“If you have an ICO or a stock, and you want to sell it in a private placement, follow the private placement rules,” Clayton said “If you want to do any IPO with a token, come see us.”

The SEC is “happy to help you do that public offering” if issuers take the responsibility SEC laws require, he said.

The chairman also addressed a growing debate over which cryptocurrencies should fall under SEC jurisdiction.

“Cryptocurrencies: These are replacements for sovereign currencies, replace the dollar, the euro, the yen with bitcoin,” Clayton said. “That type of currency is not a security.”

A token, or a digital assets used in a fundraising process known as an initial coin offering, or ICO, are securities by Clayton’s definition.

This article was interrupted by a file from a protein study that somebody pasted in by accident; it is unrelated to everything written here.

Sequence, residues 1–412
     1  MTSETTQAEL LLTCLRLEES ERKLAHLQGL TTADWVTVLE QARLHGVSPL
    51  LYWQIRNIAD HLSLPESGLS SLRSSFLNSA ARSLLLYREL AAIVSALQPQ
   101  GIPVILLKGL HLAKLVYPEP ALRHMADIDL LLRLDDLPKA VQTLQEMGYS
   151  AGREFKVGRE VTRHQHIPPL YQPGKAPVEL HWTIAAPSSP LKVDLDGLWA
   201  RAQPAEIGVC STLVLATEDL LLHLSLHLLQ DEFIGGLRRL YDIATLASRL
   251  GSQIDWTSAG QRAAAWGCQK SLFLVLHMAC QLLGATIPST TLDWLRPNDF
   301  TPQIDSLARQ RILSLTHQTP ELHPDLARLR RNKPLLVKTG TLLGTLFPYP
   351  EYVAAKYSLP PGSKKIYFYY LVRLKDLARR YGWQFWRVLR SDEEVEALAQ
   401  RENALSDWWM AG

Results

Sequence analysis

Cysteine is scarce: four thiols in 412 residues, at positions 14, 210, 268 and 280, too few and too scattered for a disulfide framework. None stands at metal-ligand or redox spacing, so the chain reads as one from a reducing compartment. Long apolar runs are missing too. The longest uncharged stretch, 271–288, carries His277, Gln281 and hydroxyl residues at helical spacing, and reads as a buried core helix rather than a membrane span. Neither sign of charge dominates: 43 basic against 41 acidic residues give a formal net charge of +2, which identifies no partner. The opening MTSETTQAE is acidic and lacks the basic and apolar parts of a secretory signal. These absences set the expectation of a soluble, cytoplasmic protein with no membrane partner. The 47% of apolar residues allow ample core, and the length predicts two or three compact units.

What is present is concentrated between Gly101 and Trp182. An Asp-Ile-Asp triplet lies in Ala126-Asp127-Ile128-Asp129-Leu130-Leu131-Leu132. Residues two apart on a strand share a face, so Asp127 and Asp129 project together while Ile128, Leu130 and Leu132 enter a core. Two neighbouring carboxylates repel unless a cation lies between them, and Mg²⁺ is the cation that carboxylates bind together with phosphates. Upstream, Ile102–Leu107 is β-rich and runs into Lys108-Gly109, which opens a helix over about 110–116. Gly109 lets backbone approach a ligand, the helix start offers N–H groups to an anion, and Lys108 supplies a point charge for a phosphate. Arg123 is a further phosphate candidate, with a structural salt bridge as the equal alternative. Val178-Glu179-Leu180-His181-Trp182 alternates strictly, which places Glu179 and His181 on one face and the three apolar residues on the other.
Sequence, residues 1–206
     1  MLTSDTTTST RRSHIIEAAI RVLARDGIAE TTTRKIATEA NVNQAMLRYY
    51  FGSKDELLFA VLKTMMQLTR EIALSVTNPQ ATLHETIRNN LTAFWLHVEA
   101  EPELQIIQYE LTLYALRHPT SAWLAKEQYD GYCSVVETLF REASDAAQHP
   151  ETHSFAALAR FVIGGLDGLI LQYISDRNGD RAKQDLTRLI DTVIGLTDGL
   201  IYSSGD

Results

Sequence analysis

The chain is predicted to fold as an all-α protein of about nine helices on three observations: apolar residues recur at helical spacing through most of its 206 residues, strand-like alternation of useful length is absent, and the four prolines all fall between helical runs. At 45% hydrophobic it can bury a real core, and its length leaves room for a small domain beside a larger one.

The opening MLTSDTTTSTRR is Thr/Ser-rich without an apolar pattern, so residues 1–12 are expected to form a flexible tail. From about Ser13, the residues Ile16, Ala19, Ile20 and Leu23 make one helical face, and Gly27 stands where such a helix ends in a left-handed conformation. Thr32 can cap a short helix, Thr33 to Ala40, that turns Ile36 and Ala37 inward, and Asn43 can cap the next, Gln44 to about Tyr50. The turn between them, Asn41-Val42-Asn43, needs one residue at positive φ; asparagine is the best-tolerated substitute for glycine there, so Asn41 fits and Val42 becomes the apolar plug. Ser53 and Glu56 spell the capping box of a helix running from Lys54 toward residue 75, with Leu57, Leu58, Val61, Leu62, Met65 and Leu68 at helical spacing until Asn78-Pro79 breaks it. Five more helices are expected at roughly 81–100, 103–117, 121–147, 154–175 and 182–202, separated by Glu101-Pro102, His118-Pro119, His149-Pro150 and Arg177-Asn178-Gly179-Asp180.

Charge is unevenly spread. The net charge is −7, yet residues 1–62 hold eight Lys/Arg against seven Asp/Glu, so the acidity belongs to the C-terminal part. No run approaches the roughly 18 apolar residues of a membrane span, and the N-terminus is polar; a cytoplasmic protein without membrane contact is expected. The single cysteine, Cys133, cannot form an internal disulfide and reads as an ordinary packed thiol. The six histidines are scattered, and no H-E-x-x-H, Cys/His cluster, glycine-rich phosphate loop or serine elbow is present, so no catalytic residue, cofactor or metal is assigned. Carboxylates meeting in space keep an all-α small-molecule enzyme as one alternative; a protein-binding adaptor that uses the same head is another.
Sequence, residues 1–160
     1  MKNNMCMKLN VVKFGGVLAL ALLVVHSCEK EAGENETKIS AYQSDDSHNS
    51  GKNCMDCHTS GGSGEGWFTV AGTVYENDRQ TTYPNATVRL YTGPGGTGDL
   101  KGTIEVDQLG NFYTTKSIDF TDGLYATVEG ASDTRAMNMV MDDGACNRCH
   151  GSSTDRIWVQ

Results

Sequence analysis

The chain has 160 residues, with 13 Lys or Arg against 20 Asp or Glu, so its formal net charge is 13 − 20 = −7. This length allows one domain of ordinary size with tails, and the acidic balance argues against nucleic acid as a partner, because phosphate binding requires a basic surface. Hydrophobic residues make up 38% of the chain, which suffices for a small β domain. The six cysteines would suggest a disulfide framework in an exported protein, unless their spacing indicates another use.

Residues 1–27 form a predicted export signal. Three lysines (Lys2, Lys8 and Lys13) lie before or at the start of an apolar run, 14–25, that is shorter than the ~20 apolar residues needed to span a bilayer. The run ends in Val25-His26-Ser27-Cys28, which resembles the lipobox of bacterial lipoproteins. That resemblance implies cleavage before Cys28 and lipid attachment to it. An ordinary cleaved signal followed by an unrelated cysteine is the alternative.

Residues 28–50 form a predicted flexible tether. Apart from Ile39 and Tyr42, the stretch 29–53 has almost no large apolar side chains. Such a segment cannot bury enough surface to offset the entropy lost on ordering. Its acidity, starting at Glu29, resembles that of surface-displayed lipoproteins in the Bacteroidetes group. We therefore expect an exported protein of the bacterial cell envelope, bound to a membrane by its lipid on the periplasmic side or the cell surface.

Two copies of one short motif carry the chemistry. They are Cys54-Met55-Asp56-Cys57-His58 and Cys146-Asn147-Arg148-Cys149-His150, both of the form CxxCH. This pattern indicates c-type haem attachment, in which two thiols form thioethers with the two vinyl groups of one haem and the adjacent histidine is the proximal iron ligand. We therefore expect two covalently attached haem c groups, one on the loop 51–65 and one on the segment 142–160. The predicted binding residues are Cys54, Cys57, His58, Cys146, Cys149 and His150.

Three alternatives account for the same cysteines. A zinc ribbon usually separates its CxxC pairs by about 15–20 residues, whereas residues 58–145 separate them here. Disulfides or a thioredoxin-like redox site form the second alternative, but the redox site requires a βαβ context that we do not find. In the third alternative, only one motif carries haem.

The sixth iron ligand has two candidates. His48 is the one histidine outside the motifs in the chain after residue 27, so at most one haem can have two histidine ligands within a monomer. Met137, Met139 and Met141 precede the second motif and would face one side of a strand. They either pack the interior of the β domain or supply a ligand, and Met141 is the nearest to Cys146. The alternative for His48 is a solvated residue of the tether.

“A token, a digital asset, where I give you my money and you go off and make a venture, and in return for giving you my money I say ‘you can get a return’ that is a security and we regulate that,” Clayton said. “We regulate the offering of that security and regulate the trading of that security.”

Whether an asset is a security right now follows the “Howey Test.” The ruling comes from a 1946 U.S. Supreme Court case that classifies a security as an investment of money in a common enterprise, in which the investor expects profits primarily from others’ efforts.

Clayton made it clear in March that all ICOs constitute securities, and reiterated that Wednesday saying “if it’s a security, we’re regulating it.”

But companies tied to those cryptocurrencies have argued that some should be fall under a different category, in many cases because of their utility.

The financial watchdog has been balancing consumer protection and innovation in what has become multi-billion dollar cryptocurrency market. The market capitalization of bitcoin alone is more than $130 billion, according to CoinMarketCap.